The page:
This post has been written by Ed Moss
Before starting here at Classroom Secrets, I worked for several years as part of a large team of teaching assistants at one of the largest schools in my area. Naturally, alongside classroom duties and being one of the two audience members for class assembly rehearsals (‘Project your voices… Don’t speak to your shoes… We’ll sort your wig later but for now just try to imagine you’re Charles II…’) I was asked to deliver lots of interventions. Some things I did well, others I could have improved on. What might I change about the way I delivered interventions if I was heading back into school tomorrow? What, as the blog title asks, makes a great TA intervention?
It’s important to say at the outset that as far as possible, it’s good to meet learning needs inside the class. A TA who has a great knowledge of the outcomes for a given lesson and strong relationships with every child in the class can assist the learning of children of all abilities. If they can avoid latching permanently onto a group who find the subject matter difficult, instead helping children across the class, they gift that struggling group more quality time with their teacher. This also prevents those children from feeling singled out from the rest of the class.
That is not to say that interventions outside the class don’t have their place. They are necessary for a myriad of reasons, and are highly effective, if carried out in a well-structured manner by a well-trained, well-supported TA. However, interventions which are inconsistent can actually have a detrimental effect on learning. A report published in 2015 by the Education Endowment Foundation makes the potential gains and losses very clear. Consider this quotation from the report’s summary:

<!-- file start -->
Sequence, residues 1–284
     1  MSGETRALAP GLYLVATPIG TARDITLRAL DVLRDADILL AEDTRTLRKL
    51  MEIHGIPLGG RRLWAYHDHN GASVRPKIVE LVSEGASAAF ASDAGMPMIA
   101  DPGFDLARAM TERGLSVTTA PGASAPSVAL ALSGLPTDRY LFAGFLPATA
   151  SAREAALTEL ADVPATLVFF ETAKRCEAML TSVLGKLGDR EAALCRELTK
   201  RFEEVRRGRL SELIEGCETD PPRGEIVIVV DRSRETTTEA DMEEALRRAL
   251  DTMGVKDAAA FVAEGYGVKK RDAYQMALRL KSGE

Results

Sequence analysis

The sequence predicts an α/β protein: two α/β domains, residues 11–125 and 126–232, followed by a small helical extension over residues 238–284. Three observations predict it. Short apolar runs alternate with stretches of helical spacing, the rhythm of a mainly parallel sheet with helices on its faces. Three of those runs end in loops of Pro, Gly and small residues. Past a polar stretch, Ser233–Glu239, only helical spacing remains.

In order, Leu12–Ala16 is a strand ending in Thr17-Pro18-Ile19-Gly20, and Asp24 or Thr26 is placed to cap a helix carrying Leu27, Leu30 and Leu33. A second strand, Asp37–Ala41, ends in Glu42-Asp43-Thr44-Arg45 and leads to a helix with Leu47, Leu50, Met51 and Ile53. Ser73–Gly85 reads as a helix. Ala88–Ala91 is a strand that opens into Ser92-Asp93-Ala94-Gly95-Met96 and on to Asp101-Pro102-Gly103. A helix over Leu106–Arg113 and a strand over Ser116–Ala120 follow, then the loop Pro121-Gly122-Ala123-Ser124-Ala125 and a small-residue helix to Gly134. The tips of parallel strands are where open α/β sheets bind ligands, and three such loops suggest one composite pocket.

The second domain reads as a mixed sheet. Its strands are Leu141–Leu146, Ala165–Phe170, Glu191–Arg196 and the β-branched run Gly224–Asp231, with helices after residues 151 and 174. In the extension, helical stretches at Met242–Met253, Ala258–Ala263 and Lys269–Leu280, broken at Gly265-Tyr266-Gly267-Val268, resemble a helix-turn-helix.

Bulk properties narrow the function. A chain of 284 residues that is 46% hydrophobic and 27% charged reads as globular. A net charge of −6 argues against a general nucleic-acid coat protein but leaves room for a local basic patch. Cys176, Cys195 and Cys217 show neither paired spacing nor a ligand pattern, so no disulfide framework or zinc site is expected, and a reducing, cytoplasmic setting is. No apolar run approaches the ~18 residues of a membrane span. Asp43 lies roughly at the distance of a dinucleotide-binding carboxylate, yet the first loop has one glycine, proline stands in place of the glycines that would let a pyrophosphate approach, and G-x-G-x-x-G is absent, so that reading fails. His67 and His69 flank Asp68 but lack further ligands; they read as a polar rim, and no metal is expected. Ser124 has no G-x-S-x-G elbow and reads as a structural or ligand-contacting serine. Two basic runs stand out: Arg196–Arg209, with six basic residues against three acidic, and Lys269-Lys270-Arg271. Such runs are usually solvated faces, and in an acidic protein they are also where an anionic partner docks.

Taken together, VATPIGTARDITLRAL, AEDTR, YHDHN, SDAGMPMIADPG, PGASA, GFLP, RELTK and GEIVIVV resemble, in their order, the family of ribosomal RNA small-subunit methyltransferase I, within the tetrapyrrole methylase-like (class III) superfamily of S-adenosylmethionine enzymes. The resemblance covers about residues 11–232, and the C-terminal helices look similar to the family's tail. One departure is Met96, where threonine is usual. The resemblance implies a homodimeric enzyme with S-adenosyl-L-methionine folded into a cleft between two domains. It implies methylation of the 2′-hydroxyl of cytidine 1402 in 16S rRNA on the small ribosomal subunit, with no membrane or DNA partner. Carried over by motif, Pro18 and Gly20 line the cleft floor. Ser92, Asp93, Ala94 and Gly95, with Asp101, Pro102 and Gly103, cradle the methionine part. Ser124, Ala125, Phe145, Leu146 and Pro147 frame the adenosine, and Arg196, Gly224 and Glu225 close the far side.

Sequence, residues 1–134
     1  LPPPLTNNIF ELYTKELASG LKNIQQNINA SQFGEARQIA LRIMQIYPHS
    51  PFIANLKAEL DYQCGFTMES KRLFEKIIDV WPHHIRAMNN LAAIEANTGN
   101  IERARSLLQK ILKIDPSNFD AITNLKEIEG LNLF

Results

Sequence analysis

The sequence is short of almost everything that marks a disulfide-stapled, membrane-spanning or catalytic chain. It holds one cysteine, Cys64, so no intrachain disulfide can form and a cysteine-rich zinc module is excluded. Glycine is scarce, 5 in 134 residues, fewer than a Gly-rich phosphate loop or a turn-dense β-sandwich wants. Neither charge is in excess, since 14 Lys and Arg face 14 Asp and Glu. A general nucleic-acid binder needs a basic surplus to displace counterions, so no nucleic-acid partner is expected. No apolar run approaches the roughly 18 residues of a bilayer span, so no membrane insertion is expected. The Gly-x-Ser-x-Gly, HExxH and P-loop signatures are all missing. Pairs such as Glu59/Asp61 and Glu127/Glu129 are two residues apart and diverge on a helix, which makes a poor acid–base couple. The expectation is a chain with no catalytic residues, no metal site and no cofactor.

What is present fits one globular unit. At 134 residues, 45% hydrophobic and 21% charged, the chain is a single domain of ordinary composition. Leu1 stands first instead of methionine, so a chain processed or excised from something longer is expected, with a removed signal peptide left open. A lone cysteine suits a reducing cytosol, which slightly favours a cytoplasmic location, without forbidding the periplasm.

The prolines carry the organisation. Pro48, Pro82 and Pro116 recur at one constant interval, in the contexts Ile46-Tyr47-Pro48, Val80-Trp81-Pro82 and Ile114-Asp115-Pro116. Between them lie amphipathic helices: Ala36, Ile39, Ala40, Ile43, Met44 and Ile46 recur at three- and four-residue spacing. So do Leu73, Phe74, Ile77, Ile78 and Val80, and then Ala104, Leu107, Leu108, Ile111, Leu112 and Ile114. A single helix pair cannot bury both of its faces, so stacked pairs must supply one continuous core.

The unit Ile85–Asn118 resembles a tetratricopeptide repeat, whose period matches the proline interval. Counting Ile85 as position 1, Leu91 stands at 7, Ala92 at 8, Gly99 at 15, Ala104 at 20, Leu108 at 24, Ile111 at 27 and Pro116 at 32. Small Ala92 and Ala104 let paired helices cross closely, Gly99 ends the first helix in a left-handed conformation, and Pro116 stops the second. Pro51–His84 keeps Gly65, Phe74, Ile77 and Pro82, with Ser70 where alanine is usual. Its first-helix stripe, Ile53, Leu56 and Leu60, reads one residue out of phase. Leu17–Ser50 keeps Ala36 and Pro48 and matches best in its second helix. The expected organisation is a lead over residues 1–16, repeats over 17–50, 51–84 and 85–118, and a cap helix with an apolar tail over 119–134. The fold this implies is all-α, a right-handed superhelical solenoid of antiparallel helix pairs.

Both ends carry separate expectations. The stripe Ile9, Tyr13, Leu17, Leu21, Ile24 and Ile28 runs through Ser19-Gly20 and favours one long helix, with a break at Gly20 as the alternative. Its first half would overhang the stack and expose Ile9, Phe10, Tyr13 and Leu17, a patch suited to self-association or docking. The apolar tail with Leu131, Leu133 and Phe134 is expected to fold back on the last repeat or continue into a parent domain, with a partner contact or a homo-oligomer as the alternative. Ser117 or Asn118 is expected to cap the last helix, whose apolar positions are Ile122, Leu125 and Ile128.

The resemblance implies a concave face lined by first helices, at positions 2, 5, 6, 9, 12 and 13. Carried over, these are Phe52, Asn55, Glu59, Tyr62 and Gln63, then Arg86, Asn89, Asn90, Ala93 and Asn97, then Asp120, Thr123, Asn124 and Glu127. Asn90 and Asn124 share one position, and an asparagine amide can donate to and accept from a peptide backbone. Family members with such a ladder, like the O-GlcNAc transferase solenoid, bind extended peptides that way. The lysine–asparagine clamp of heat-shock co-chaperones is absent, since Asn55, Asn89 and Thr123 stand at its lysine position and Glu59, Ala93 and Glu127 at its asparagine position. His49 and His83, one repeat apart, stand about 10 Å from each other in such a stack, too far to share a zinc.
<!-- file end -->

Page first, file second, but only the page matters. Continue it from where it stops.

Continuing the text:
Research on TAs delivering targeted interventions in one-to-one or small group settings shows a consistent impact on attainment of approximately three to four additional months’ progress (effect size 0.2–0.3). Crucially, these positive effects are only observed when TAs work in structured settings with high quality support and training. When TAs are deployed in more informal, unsupported instructional roles, they can impact negatively on pupils’ learning outcomes.
So what are some tips for ensuring interventions deliver the ‘three to four additional months’ progress’? Below are some recommendations from the report, things I saw were effective during my time as a TA, and the advice of more experienced educators working with me here at Classroom Secrets.
I hope the advice above is useful. It can sometimes feel like there’s nowhere near enough time for as much communication or planning as we might want when it comes to TA interventions. There are so many other things to do! Here at Classroom Secrets, our whole goal is to relieve the time pressure teachers and teaching assistants are under, freeing them up to them spend time on what really matters and restoring their life/work balance. Whether you spend the extra time created by our resources on discussing TA interventions or on putting your feet up and having a well-deserved rest is entirely up to you!